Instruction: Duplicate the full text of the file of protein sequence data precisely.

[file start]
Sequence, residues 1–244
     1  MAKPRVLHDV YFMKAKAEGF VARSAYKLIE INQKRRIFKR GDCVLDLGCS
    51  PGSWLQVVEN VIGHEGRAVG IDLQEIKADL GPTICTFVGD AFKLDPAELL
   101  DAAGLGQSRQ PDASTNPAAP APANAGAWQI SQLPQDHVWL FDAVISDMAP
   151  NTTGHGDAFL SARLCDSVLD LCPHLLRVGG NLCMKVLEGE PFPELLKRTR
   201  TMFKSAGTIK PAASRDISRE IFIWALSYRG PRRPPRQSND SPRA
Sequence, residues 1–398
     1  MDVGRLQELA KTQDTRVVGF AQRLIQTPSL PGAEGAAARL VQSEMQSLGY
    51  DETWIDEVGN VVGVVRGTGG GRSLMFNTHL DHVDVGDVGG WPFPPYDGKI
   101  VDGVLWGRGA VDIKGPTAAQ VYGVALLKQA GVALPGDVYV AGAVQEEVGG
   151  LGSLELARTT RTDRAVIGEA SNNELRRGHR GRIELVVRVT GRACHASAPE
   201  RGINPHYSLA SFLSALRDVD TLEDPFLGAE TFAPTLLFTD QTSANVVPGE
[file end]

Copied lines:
Sequence, residues 1–244
     1  MAKPRVLHDV YFMKAKAEGF VARSAYKLIE INQKRRIFKR GDCVLDLGCS
    51  PGSWLQVVEN VIGHEGRAVG IDLQEIKADL GPTICTFVGD AFKLDPAELL
   101  DAAGLGQSRQ PDASTNPAAP APANAGAWQI SQLPQDHVWL FDAVISDMAP
   151  NTTGHGDAFL SARLCDSVLD LCPHLLRVGG NLCMKVLEGE PFPELLKRTR
   201  TMFKSAGTIK PAASRDISRE IFIWALSYRG PRRPPRQSND SPRA
Sequence, residues 1–398
     1  MDVGRLQELA KTQDTRVVGF AQRLIQTPSL PGAEGAAARL VQSEMQSLGY
    51  DETWIDEVGN VVGVVRGTGG GRSLMFNTHL DHVDVGDVGG WPFPPYDGKI
   101  VDGVLWGRGA VDIKGPTAAQ VYGVALLKQA GVALPGDVYV AGAVQEEVGG
   151  LGSLELARTT RTDRAVIGEA SNNELRRGHR GRIELVVRVT GRACHASAPE
   201  RGINPHYSLA SFLSALRDVD TLEDPFLGAE TFAPTLLFTD QTSANVVPGE